Tue | Oct 24, 2017

Brazen and unjust!

Published:Sunday | September 28, 2014 | 12:00 AM
Karen Reid

Women misdiagnosed with HIV yet to collect $1 as government appeals $9M award

Barbara Gayle, Justice Coordinator

The mother of a nine-year-old boy who was born blind in the left eye is distressed that she cannot afford to buy him a $17,000 pair of glasses because she is still waiting on the Government to pay her $9 million awarded by the courts.

The Government has challenged the award handed down by the Supreme Court, and while the wheels of justice turn slowly, Karen Reid is struggling to survive after being misdiagnosed as HIV-positive by a state agency when she was pregnant with her son.

Reid sued the Government which accepted liability, and in April the court ordered the State to pay her a total of $9 million with interest.

But in June, the attorney general filed an appeal on the grounds that the award was too high. According to the claim filed in the Court of Appeal, the judge erred in making the award because the medical evidence did not substantiate injuries of such severity as to attract such a high award.

However, an obviously upset Reid has argued that even if the Government is appealing the amount an interim payment should have been made. She told The Sunday Gleaner she believes she is being penalised because it was now five months and she has received no money from the Government.

greatest fear

"I am not working and it is extremely difficult to take care of my family and my son is urgently in need of his glasses. My greatest fear is that if he continues to go without his glasses his sight will be severely affected and could even lead to blindness," the 28-year-old mother said last week.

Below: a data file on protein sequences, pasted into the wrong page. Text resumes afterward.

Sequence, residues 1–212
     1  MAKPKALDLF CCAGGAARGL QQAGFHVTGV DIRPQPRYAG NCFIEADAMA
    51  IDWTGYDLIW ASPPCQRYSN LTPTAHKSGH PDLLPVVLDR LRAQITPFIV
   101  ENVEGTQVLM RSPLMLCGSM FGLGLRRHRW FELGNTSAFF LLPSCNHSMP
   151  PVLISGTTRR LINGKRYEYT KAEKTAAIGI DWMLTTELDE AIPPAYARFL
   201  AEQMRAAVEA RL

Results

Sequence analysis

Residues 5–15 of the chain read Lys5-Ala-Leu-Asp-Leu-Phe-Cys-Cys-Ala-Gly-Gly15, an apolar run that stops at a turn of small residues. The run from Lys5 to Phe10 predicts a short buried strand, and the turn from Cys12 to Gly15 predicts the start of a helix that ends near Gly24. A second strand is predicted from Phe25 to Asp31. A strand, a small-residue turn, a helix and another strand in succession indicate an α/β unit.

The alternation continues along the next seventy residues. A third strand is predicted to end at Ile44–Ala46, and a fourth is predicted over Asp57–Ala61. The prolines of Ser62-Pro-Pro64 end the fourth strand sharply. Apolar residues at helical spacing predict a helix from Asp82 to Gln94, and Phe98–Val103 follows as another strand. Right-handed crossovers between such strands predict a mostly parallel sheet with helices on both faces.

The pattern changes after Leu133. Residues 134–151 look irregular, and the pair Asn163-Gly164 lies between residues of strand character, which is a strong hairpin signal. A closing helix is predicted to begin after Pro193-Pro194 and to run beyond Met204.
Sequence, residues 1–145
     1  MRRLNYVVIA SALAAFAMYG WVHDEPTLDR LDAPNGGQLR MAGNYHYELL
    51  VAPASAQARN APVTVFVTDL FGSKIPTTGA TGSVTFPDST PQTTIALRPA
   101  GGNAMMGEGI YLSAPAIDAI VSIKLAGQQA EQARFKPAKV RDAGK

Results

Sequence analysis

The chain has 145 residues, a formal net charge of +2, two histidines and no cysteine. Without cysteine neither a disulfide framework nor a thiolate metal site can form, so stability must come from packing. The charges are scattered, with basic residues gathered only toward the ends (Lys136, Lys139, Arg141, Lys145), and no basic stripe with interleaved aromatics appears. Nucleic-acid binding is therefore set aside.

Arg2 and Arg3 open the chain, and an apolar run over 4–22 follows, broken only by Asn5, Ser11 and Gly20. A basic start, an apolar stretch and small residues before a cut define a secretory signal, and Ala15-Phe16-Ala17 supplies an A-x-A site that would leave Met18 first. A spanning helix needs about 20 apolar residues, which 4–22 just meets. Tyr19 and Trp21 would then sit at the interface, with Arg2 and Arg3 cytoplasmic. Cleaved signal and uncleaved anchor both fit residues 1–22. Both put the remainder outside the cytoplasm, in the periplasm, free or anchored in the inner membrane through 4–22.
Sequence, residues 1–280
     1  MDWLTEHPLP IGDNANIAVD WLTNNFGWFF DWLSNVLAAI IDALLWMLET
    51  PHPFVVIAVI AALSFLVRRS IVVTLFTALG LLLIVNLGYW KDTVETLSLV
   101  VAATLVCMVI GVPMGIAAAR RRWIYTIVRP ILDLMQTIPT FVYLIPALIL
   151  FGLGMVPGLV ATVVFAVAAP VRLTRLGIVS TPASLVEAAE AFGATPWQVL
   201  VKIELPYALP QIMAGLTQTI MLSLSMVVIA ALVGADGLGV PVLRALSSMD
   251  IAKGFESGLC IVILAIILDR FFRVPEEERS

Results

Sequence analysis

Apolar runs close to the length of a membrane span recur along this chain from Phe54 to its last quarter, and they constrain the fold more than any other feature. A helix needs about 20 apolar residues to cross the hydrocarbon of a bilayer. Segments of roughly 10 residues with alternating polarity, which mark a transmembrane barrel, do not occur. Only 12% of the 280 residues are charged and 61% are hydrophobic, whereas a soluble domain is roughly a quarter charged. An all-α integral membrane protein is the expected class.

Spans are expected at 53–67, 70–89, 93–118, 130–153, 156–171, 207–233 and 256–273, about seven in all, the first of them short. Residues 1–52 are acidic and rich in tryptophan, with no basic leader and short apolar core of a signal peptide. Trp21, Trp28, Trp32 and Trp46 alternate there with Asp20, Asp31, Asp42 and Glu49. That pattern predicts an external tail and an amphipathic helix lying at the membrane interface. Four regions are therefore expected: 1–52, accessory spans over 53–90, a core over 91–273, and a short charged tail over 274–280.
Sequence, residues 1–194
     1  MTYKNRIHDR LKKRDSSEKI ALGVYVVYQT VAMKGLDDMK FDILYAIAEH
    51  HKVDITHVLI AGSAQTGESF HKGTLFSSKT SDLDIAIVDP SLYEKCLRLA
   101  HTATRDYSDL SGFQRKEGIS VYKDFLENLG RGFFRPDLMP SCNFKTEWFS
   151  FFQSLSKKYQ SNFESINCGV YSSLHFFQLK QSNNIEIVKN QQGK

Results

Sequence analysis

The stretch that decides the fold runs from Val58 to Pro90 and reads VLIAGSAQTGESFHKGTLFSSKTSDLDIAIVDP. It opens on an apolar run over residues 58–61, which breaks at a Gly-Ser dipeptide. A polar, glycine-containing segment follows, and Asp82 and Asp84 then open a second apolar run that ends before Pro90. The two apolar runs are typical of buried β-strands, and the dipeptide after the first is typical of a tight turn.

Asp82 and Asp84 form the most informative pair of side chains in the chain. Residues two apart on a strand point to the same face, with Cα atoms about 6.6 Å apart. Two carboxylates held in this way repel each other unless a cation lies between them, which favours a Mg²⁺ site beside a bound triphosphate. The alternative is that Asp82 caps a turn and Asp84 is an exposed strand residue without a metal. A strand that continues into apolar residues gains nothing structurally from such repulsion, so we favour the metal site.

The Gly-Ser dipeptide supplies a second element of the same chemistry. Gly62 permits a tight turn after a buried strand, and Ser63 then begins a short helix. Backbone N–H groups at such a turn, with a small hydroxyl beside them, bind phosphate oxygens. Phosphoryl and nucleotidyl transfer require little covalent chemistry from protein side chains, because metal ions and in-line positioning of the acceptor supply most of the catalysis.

"I am now making a special appeal for the attorney general to take immediate steps to make some payment so I can purchase the glasses for my son," she said amid tears.

Reid says she suspects that it was the HIV medication she was wrongly treated with nine years ago that might have affected her baby, leaving the boy with no pupil in the left eye.

In an interview with The Sunday Gleaner in April, Reid said: "I still remember the incident from time to time, and I am not 100 per cent satisfied in certain ways because I can't get a doctor to say whether the treatment I got because of the false test results caused the blindness in my son's eye. No one will tell me the truth."

At that time, she noted that her child is a slow learner, and this has been linked to the problem with his sight.